In formation of the high heat resistant rubber composition of Table 3, the various additives are added in any order, one by one to a high shear mixer followed by the addition of the various polymers, as for example one at a time, and mixed at a suitable temperature and time to achieve a blend of a high heat resistant rubber composition. The compounding procedure is essentially the same as set forth above with regard to the chlorinated polyethylene rubber fluid resistant composition. Thus, the high shear mixer utilized can be the same. The mixing temperature of the high shear mixer with respect to the high heat resistant rubber composition is generally from about 250° F. to about 230° F. with about 300° F. being preferred and the mixing time can vary from about 3 to about 10 minutes with about 4 minutes being preferred. As before, once the composition is blended, it can be cooled and stored. At some subsequent time, the one or more vulcanizing agents and co-agents are added and mixed at a low temperature such as at about 200° F. to about 250° F. so as not to cure the rubber.

Once it is desired to form an end product, the high heat resistant rubber compositions containing the curing compounds therein can be mixed at a higher temperature and formed or shaped into a suitable end product and cured as at a temperature of from about 330° F. to about 360° F. for about 10 to about 18 minutes. Suitable end products include sheets, jackets on existing tubing or hoses, seals, and the like.

TABLE 3
Function of Example
INGREDIENTS Chemical Name Ingredient A
Tyrin CM 0730 Chlorinated Polyethylene Polymer-30% Cl, Mooney 65 Polymer 70
Engage 8150 Ethylene-Octene Polymer - 39% Comonomer, .868 sp. Polymer 15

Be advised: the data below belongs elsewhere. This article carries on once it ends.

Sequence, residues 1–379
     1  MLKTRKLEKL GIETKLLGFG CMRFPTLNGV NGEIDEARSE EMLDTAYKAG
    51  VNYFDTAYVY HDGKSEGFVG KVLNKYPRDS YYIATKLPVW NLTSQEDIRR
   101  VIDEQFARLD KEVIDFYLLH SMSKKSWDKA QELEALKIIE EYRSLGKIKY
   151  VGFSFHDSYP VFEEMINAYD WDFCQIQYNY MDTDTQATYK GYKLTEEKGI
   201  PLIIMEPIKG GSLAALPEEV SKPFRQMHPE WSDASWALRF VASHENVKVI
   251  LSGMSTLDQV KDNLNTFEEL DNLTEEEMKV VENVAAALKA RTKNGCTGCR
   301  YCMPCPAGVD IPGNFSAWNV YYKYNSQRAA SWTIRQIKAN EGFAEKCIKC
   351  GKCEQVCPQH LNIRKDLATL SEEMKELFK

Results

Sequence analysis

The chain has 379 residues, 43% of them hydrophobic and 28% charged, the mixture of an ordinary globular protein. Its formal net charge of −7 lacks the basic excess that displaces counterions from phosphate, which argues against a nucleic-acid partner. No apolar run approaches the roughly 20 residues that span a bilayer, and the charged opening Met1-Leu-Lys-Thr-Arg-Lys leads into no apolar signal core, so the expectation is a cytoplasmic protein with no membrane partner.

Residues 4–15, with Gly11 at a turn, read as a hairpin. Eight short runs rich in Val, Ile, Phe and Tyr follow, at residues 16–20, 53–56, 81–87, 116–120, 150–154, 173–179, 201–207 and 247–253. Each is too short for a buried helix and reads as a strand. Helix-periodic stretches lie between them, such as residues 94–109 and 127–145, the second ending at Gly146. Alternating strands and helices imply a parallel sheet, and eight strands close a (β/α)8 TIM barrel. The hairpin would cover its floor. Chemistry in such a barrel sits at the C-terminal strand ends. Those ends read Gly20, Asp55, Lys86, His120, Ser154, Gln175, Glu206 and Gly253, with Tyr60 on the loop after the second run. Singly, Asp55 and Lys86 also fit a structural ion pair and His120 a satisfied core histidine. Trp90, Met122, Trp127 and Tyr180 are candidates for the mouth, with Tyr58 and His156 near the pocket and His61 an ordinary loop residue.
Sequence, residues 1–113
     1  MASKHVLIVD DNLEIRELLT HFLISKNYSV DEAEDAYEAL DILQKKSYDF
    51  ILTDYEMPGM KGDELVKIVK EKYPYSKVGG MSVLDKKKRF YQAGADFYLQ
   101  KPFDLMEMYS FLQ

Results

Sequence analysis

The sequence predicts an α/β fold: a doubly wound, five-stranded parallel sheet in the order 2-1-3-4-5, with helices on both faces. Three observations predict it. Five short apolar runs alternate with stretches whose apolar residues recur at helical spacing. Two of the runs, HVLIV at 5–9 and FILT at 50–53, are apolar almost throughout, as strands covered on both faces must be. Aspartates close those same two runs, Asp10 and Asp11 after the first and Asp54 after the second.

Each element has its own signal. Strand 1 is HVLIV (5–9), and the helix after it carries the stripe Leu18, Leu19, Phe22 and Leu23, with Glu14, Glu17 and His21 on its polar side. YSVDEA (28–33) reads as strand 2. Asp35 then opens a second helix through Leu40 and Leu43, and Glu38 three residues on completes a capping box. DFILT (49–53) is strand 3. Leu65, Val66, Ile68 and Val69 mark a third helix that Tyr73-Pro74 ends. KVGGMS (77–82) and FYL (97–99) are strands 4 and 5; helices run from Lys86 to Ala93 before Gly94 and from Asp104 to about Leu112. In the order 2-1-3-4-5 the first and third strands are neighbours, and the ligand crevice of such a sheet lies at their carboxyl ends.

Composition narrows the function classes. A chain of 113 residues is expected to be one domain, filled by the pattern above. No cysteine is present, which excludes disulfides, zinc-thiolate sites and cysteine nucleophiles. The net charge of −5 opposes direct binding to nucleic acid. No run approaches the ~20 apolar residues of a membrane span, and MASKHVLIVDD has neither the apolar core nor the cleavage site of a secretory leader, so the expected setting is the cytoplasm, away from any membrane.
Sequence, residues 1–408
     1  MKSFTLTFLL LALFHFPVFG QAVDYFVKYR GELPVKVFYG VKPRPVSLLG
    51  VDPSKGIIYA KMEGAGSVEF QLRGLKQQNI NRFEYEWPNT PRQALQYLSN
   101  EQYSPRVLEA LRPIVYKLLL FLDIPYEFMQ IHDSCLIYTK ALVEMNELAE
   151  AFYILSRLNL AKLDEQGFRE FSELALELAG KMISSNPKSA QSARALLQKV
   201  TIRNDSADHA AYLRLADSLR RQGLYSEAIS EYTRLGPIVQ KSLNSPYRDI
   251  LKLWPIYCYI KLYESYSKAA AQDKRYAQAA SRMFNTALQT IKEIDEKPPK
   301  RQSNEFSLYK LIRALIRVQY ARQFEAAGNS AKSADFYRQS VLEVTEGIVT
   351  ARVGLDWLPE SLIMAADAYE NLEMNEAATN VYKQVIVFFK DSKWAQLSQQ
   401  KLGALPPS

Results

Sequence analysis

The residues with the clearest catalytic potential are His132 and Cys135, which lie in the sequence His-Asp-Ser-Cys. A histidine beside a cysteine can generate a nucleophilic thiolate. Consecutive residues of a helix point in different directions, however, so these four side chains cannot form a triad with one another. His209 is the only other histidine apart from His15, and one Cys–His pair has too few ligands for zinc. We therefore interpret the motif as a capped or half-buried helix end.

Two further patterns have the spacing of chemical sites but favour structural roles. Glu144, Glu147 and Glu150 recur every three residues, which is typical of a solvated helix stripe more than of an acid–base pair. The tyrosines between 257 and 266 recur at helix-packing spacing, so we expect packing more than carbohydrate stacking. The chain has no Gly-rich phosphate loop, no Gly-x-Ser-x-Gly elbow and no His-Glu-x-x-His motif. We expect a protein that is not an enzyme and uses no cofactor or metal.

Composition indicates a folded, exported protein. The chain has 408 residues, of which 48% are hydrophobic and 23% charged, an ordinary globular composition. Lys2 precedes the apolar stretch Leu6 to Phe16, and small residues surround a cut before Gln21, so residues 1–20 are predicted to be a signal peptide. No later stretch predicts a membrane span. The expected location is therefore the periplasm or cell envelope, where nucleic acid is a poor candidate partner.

Gravity, Melt Index 0.5 dg/min
Vamac DP Ethylene/Acrylic Dipolymer-High levels of methyacrylate Polymer 15
in polymers, composition proprietary
Maglite DE Magnesium Dioxide Activator / 3.5
Acid
Scavenger
AC Poly 617A Polyethylene Wax Processing 2
Aid
Irganox 1010 Tetrakis [methylene (3,5-di,-t-butyl-4- Antioxidant 1
hydroxyhydrocinnamate)] methane mixed with
Pentaerythritol tris ester and 3-(3,5-di-(tert)-butyl-4-
hydroxyphenyl) proionic acid
DHT-4A-2 Magnesium Aluminum Hydroxy Carbonate Activator / 7.5
Acid
Scavenger
N990 Carbon Black Filler 90
Hubercarb Q325 Calcium Carbonate Filler 20
Paraplex G62 Epoxidized Soybean Oil Plasticizer 11
TOTM Trioctyl Trimellitate Plasticizer 11
Nordel IP NDR-125 Ethylene-Propylene-Diene, Terpolymer - 42.5% Polymer/ 20
Ethylene, 0.5% Diene Plasticizer
Vulcup 4OKE 2,2′-bis(tert-butylperoxydiisopropylbenzene) Vulkanizing 4.5
Agent
Trigonox 29-40B-PD 1-1-di(tert-butylperoxy)-3,3,5-trimethylcyclhexane Vulkanizing 0.15
Agent
Ricon 152 DLC 70% 1,2-Polybutadiene dispersed on Calcium Silicate Co-Agent 8
TAC DLC-A Triallyl Cyanurate Co-Agent 4.5
Vanax MBM N-N′-m-phenylenedimaleimide Co-Agent 0.75
Total 283.90

When the high heat resistant rubber composition was prepared, and tested, the following data was obtained:

TABLE 4
Function of Example
INGREDIENTS Chemical Name Ingredient A
WSA-M96D26-A
Tensile, psi (1305 min) 1790
Elongation, % 230
(110% min)
Durometer, (65-80) 78
70 hrs. at 125° C., 65% 42.8
max
Tensile Change, % 10
(−10% max.)
Elongation Change, % −21
(−40% max.)
Hardness Change, pts. 7
(+10 pts.)
Ozone, D518-99, Conditioned for 24 hrs. pass

As apparent from the above data, the high heat chlorinated polyethylene rubber composition had small changes in various properties such as tensile strength, elongation and hardness when tested 168 hours at 150° C.

While in accordance with the patent statutes the best mode and preferred embodiment have been set forth, the scope of the invention is not intended to be limited thereto, but only by the scope of the attached claims.

Patent Citations
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Non-Patent Citations
Reference
1European Search Report, Appln. No. 0601928.7-2109, Oct. 20, 2006.
Referenced by
Citing PatentFiling datePublication dateApplicantTitle
US8956706Dec 29, 2010Feb 17, 2015Saint-Gobain Performance Plastics CorporationFlexible tubing material and method of forming the material
Classifications
U.S. Classification525/192, 525/228, 525/212, 525/213, 525/222, 525/227, 525/223, 525/221
International ClassificationC08L33/14
Cooperative ClassificationC08L23/34, C08L2312/00, C08L23/286, C08L23/0869
European ClassificationC08L23/28D